When asked to be a special guest during western week at Hands on Arts Camp this summer, my answer was, “Yes.”
My friend, Lisa Brown, and Ms. Tessie Garcia were on their third week of art classes held at the high school. Lisa knew I had produced a Patsy Cline show and wanted me to educate the children on the life of this Western legend.
Of course, I showed up dressed as Patsy, just as I do for my show. Staying in character, I shared with them the year and place I was born. I sang “Walking After Midnight“ and told them it was the first song I sang on national television, winning first place on the Arthur Godfrey Talent Show in New York City. I shared with them some of the hardships I had just being a woman in the music industry.
Coming out of character, I told them my name was June Marquez and these tentative students ranging from first to fifth grade had some questions.
“How did you start singing?”
Well, I said, it started when I was about your age. I was in kindergarten and had a sleepover at my cousin’s house. She had an electronic piano and was taking lessons. I was so intrigued with the keyboard, I begged my mom to get me one for Christmas. At the time, I wasn’t sure what I was asking for, but as I look back, I know my mom made a great sacrifice to buy me something I so wanted. I took lessons for a short time, for it was something we really couldn’t afford, having a family of six girls. In the mid ’70s, we owned a 3.2 bar in Los Arboles, Colo., and every time I learned a new song on my little piano, my mom would have me play and sing for our patrons. Then they would give me money. So, that’s how it all began.
I went on to tell the class I’ve been singing here in Pagosa Springs for over 10 years with my friend and mentor John Graves. Some of the children knew who he was. I told them he played piano and Betty White gave him his first job in Hollywood. I told them it was at a play produced by John Graves in 2006, where I was inspired to produce “A Tribute to Patsy Cline.” John asked me to sing a country style song he had written in 1960. There were seven songs he had written and he asked seven local artists to be in his one-act play titled, “ The Empty Bench.” It was in the second part of the production, where each of us performed a sort of variety show. This is when I dressed up as Patsy Cline and sang the song “Crazy,” written by Willie Nelson. The crowd loved it and as they departed the venue a lady came to me and exclaimed, “We love you, Patsy!” She went on to tell me that when I sang “Wandering” she turned to her husband and said, “She sounds like Patsy Cline.” She encouraged me as she spoke. ”You should do a whole show.” At that moment, I knew I was touching people’s hearts.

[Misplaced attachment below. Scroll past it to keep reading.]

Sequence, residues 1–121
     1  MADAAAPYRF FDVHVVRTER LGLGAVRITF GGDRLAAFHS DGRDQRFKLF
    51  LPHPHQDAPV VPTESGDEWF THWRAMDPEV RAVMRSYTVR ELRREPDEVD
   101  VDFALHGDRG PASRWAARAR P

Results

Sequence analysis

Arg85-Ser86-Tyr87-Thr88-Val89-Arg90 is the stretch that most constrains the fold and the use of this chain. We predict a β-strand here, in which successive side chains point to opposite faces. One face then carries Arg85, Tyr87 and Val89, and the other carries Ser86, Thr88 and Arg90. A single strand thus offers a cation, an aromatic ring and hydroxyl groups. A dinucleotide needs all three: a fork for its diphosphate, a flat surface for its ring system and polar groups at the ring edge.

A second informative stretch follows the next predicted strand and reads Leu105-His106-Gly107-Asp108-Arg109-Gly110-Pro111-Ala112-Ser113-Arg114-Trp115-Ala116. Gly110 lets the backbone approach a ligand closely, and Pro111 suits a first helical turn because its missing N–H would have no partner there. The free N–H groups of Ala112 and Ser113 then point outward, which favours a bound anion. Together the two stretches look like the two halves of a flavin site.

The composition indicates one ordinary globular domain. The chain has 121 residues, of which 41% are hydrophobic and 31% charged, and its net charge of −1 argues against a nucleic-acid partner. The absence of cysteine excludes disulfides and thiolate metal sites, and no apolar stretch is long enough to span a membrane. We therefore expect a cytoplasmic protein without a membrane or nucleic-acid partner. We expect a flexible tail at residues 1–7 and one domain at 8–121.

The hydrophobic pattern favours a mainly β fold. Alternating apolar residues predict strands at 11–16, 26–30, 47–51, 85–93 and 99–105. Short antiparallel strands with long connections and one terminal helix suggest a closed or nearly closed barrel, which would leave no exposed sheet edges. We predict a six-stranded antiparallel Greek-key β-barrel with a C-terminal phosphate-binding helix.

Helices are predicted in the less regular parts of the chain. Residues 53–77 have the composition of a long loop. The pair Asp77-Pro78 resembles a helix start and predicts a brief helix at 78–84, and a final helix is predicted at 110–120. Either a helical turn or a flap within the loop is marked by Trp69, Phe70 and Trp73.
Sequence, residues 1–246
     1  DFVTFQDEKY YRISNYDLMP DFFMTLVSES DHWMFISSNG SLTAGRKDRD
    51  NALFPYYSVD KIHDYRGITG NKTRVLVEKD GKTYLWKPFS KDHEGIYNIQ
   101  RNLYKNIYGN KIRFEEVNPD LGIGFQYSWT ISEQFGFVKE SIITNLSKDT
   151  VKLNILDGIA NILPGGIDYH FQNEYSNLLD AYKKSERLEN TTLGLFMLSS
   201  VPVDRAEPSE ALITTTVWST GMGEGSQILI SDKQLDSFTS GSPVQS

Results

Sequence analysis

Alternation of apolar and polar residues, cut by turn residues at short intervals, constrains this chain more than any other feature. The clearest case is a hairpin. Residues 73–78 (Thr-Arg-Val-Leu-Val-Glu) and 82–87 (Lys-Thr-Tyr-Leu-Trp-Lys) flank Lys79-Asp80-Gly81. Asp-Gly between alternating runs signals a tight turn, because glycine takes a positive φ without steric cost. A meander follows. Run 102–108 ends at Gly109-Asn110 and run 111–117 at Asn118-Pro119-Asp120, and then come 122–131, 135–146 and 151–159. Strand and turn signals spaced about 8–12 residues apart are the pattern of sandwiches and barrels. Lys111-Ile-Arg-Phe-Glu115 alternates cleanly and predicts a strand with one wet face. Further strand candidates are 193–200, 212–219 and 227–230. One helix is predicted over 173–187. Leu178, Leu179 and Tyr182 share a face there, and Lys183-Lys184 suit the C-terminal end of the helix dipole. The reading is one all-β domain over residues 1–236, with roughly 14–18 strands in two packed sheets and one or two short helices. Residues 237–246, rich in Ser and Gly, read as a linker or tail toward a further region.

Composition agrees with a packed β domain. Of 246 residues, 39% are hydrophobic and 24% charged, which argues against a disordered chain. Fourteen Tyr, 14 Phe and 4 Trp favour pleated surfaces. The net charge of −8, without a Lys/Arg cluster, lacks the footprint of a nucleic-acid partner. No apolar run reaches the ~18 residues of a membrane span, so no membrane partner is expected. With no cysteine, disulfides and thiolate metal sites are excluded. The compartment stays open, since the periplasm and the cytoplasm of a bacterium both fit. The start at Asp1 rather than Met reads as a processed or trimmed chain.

The show was finally produced last October to benefit the Fred Harman Museum, yielding over $1,000 in donations. The new year approached and another need was brought to our attention. Our steel-guitar player, Ted Hockenbury, needed some help with medical bills accumulating during his wife’s bout with cancer. Joe Poynter, our drummer, did much of the groundwork to promote the show. Dan Fitspatrick, our stand-up bass player, Charlie Harmer, our lead guitar player and I donated our time and talents. The show was produced at the Pine Valley Foursquare Gospel Church in Bayfield with over 75 people attending, bringing in donations of over $1,200.
My intention is to continue doing the show to serve community needs.
When is the next show?
The answer is, Monday, Aug. 13. It will take place at the Pagosa Springs Center for the Arts at 2313 Eagle Drive. LouJean Espinosa, owner of Two Chicks and a Hippie, will help prepare and serve a wonderful home-cooked meal of meatballs, cheddar mashed potatoes, green beans and homemadebiscuits with strawberry butter. Dinner/show (5:30 p.m.) tickets are $25. Show only tickets (7 p.m.) are $15. For children under 10 years of age, dinner is $5, the show is free. Tickets are available online at pagosacenter.org, at LouJean’s Salon ( 301 N. Pagosa Blvd. B14,) A Time for You Hair (117 Navajo Trail) and Studio 160 on Eagle Drive on Put Hill. Don’t forget your dancing shoes and partner; the show will take place in the foyer with plenty of room to kick up your heels.
Proceeds from “A Tribute to Patsy Cline” will benefit summer art programs for local youth.
One special element to this upcoming show will be the performance of a few graduating seniors of PSHS. Colin Oliver will be attending George Fox University in Newberg, Ore., pursuing his passion in film and photography. Max Miller and Eli Velasquez will be attending the University of Northern Colorado in Greeley. They are pursuing their passion in music and theater. These young men will be doing the back-up singing and are sure to complete the real sound of Patsy Cline. Do not miss their last performance as we bid them a farewell and thank them for all they have done for our community.